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Monthly Archives: September 2012

Corporate Storytelling

Randy Sabourin and Cameron O. Anderson

Every civilization uses or has used story telling as a way to communicate social values, skills, and to change or reinforce behaviors. While stories are often the basis of interaction they are also the building blocks of knowledge and the foundation of memory and learning.  They connect us to our humanity and link our past, present and future by teaching us to anticipate the possible consequences of our actions.  Stories can help us define what is authentic about something or someone.  The stories we tell and hear about our companies comprise our corporate cultures.

Two Story Examples

1)      The Viking Eric the Red with son ‘Lucky’ the Red was exiled from Norway and founded the first settlement in Greenland around 985 AD. The Norse society thrived, in part due to the climate being in a cycle of warmth. At its peak the Arctic settlement had approximately 5,000 inhabitants who built churches and a cathedral, irrigated fields, adapted farming and livestock for the environment, traded with Europe and sourced building material as far away as Canada. The culture survived  for half a millennium. The decline was slow. As the climate cycle changed, the Nordic peoples continued to adapt to their environment, some fled back to Europe and slowly, year after year, the winters grew longer and were harder to survive. Wanting to maintain their European their European style and culture they refused to hunt on land and at sea as the Inuit of the region had for generations. When the settlement was discovered in 1932 it was rumored that they found the last of the populace in the cathedral huddled together and likely starved to death. Continue reading

Mirroring in Sales Situations

by Randy Sabourin

Coaches tell us that continuous practice of the basics is vital regardless of what level of success one has attained. In a profession where success is determined by performance in real time, practice is critical. Many professions implement this approach but sales people and business leaders generally do not.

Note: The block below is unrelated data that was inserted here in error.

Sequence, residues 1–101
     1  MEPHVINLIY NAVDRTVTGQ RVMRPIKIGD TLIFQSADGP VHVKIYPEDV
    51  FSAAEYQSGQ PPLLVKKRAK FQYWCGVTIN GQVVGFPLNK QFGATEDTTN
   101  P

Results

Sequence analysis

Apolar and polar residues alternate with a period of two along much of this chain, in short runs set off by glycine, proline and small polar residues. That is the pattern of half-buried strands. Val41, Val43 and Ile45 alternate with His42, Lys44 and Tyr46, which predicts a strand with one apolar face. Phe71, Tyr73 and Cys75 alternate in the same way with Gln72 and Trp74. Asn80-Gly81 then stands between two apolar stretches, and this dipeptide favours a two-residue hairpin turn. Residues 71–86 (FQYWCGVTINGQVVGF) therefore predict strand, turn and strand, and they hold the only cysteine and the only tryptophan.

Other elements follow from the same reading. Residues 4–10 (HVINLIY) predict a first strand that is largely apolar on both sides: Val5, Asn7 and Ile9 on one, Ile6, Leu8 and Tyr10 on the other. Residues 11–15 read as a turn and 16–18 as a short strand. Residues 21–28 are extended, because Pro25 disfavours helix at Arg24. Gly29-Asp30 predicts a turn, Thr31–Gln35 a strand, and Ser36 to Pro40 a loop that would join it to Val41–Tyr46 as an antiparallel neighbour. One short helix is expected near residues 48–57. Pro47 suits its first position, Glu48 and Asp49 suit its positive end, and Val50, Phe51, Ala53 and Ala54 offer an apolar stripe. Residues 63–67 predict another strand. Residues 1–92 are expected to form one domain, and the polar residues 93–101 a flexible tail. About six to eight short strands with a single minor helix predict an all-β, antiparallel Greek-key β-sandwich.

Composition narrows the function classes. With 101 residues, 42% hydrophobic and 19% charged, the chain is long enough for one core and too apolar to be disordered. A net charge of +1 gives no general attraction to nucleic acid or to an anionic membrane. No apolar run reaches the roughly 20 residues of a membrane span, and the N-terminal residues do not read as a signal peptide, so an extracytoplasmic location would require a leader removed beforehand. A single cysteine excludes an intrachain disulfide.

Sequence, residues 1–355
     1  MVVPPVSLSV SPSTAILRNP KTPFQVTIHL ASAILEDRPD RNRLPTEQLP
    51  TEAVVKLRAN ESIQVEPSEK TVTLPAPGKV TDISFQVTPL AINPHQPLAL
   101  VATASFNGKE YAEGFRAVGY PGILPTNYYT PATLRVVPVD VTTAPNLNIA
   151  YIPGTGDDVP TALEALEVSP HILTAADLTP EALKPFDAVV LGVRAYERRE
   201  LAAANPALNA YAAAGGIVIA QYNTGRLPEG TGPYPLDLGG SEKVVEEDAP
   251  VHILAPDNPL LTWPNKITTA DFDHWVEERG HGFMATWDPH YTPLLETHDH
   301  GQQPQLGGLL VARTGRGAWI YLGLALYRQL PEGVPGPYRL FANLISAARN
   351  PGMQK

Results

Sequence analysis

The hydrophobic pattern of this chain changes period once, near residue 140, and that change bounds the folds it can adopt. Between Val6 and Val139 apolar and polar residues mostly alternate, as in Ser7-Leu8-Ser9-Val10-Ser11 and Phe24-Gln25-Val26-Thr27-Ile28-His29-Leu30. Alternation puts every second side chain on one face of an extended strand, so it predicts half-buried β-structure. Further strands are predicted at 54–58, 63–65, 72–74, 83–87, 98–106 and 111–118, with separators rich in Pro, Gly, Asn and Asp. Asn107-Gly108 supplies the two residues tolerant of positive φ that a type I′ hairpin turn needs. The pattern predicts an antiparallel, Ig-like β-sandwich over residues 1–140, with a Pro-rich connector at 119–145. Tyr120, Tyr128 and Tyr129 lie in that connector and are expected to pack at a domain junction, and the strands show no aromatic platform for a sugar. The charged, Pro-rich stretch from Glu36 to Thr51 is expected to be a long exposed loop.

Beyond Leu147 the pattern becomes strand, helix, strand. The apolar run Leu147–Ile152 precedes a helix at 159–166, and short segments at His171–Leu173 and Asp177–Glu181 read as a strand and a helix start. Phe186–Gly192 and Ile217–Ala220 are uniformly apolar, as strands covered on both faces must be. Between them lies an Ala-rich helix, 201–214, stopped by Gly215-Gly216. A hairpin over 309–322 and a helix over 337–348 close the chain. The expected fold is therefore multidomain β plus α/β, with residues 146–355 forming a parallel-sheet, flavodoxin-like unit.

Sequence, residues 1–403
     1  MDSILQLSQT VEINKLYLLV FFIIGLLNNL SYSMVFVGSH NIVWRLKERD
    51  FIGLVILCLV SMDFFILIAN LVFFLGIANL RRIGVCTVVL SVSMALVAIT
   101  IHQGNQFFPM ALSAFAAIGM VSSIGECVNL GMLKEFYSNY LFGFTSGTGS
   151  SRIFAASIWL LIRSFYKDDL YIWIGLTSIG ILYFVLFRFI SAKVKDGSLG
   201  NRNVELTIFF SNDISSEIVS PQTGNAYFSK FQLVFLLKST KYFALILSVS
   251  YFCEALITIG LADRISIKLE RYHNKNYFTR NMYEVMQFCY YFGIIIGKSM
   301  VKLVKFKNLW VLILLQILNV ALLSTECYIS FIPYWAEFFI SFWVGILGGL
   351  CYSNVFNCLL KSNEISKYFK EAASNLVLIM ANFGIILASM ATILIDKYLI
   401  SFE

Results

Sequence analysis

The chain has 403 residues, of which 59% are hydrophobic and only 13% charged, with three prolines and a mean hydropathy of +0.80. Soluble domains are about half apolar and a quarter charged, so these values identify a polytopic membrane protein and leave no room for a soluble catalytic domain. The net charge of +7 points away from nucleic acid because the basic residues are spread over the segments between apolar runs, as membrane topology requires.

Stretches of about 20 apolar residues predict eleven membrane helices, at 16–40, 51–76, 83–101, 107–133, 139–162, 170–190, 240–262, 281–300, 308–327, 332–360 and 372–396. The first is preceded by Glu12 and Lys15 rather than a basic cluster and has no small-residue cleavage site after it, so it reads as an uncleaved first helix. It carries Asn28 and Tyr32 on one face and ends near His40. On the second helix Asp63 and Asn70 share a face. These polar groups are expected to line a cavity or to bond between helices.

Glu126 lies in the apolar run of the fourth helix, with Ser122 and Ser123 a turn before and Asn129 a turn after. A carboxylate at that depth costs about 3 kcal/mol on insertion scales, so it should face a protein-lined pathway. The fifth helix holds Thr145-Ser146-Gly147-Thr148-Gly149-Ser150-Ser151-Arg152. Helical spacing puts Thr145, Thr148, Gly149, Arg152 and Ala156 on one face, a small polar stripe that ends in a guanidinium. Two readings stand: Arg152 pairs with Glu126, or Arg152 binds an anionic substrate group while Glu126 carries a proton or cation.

The methodology of our PVC Sales and Relationship Management training program is considered by many to be advanced. It explores concepts like political acumen, counter-tactics and client relationships relative to that of competitors. We are increasingly being asked to adapt the program to a less experienced sales force. During the two-day PVC Fundamentals Program we spend approximately half the time on preparation (organizing, research, strategy, tactics, value propositions, etc.), and half on face to face client interaction (status, style, improvisation, objection handling, closing skills, appointment making, communication, etc.).

Successful veterans and first time sales people alike can benefit from ‘brushing up’ on some of the basics. There are numerous skills that successful sales people utilize for client interactions. Among the most important are increased awareness, listening, status manipulation, and improvisation. But one that is often overlooked is mirroring or mimicking. Continue reading

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To learn more about us and how we can help your employees become more effective communicators through deliberate, experiential practice, please contact us.
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